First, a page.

Command skills are the cognitive and interpersonal qualities critical for assertive, effective and safe incident command. To apply them, incident commanders should be able to understand the situation as it unfolds.
They should be able to:
- Identify and prioritise problems and develop a plan to resolve the incident
- Communicate this plan to others
- Co-ordinate and control activity in line with their plan
- Display the leadership needed to resolve the incident and operate effectively under the pressures of an incident
As well as having technical knowledge, an incident commander should possess command skills to underpin their judgements, decisions and behaviours. This section draws on research and incident ground observations that have helped identify the command skills necessary for incident commanders.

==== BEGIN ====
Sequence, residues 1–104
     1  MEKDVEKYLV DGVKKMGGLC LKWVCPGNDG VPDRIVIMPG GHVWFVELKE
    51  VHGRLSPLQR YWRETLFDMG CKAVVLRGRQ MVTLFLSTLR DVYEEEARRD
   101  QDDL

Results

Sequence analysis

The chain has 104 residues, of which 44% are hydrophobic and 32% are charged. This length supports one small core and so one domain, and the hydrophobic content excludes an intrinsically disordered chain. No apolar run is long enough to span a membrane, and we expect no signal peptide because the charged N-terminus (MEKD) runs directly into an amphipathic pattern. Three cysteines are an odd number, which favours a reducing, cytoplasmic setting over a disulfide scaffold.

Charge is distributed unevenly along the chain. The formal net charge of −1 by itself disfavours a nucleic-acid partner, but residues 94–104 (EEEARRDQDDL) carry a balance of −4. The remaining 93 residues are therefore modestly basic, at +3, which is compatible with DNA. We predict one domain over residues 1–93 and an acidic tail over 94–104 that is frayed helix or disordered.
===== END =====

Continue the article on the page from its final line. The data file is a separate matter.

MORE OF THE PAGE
There are four levels of command, which are underpinned by command qualifications that apply to the fire and rescue service. The CFOA Command Training, Assessment and Qualifications Fire and Rescue Service Guidance provides further information.
Command skills are complex in nature and can be developed with understanding and practice. It is essential that fire and rescue services prepare and develop incident commanders to use these skills effectively when commanding an incident. This includes providing appropriate opportunity for practice under realistic pressures.
As part of the incident or training debrief process, the incident commander should seek feedback on their performance in resolving the incident. This allows them to identify best practice and where they can make improvements in the future.